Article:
This was my favourite launch day so far. Blue skies, easy recovery and a happy little work experience student to help us. The main objective of this flight was to get closer to the edge of the atmosphere. To do this we needed to either decrease our payload mass or increase the stretching capability of our balloon.
We did both. We cut down the weight of our payload anyway we could without comprimising the success of the mission. String weight was reduced, lighter cameras were used, we even minimised the amount of duct tape needed to seal the paylaod.<br><br>Another aspect we wanted to improve was steadying the payload. Although the wind anchor from the previous flight provided a bit more stability, some of our pictures showed the payload was still swinging and twisting quite fast.<br><br>To reduce the swinging and twisting, we employed the physics of simple harmonic motion and decided to use a much longer piece of string between the payload and the parachute. The total distance between the payload and the balloon was 16m! This included the length of the stretched parachute.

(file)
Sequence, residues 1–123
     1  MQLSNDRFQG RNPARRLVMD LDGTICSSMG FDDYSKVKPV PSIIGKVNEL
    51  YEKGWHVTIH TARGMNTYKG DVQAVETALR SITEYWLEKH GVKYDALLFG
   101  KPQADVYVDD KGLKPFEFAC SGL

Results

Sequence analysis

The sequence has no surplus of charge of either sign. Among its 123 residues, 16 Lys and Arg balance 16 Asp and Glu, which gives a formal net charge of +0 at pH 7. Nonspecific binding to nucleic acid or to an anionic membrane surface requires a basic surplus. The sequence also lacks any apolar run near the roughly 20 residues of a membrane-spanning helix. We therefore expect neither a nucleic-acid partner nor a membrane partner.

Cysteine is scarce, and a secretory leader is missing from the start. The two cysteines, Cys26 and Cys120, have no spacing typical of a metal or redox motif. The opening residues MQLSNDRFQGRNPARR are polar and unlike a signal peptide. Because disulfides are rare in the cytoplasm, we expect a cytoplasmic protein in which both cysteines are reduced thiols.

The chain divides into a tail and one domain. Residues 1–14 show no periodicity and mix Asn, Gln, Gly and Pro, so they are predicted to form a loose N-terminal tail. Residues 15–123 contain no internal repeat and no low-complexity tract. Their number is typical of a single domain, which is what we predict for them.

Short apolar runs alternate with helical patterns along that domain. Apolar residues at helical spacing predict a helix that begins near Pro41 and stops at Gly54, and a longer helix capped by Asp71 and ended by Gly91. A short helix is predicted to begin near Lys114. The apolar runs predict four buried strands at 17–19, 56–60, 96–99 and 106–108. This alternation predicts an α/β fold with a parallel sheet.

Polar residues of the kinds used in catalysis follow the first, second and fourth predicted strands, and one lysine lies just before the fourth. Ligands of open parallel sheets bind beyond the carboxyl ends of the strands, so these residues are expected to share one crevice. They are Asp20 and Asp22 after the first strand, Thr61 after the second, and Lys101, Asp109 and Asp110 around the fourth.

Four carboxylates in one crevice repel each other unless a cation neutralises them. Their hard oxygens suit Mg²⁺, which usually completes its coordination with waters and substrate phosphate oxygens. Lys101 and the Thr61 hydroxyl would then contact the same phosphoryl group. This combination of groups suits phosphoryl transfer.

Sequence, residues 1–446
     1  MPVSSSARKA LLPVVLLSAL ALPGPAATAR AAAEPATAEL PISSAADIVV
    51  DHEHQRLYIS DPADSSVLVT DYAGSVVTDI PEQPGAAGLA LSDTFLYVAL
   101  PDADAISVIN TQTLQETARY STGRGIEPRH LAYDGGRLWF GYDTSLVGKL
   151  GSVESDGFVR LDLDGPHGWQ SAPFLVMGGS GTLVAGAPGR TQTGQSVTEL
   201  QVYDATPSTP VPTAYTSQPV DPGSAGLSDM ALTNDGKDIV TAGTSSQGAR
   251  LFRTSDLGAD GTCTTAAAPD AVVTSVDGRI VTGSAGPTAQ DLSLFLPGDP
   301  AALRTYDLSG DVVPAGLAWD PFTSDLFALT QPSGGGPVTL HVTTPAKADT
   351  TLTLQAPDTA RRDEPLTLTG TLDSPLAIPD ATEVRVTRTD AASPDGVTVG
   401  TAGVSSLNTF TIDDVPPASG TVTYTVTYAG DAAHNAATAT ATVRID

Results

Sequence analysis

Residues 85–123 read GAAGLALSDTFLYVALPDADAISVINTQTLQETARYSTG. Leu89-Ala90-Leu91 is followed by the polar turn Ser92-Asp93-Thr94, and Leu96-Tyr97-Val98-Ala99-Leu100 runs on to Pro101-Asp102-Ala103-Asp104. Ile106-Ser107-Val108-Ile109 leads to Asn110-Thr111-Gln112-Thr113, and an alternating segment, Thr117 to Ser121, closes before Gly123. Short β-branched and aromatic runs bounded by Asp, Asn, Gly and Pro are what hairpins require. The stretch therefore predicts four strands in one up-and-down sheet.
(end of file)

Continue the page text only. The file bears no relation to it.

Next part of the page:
Our preparation and launch procedures were similar to HAB3 - lots of function checks, lift calculatioins and testing. The predictor program indicated the landing would be near Princes Risborough - only 15 miles from the launch location. After carefully working through our launch procedure, our helpful 6th form student released the balloon. He picked a good week to do work experience with us! The SMS tracker stopped sending signals about 1km above the earth and we relied on the trusty Habduino radio tracker to send us live telemetry of the flight. The recovery team se off towards the predicted landing location and tracked the balloon's progress along the way. We were thrilled when th balloon was still going strong after 30km. The maximum altitude was 32195m - a new record for BALYOLO!
We were very lucky with the wind and weather. The payload nearly circumnavigated aylesbury and landed in a field next to Hampden House, which is very beautiful. The SMS tracker kicked in at about 500m and sent updated coordinate every 30s. It was then simply a matter of skipping across the field to retrieve it.
The only disappointment during this launch was the cameras. They switched themselves off after 20 minutes so we missed all the pictures at our record maximum altitude.
The next launch objectives are pretty obvious:
1) Get awesome pictures at 30km
2) Improve radio tracking system so we don't have to rely on the SMS tracker.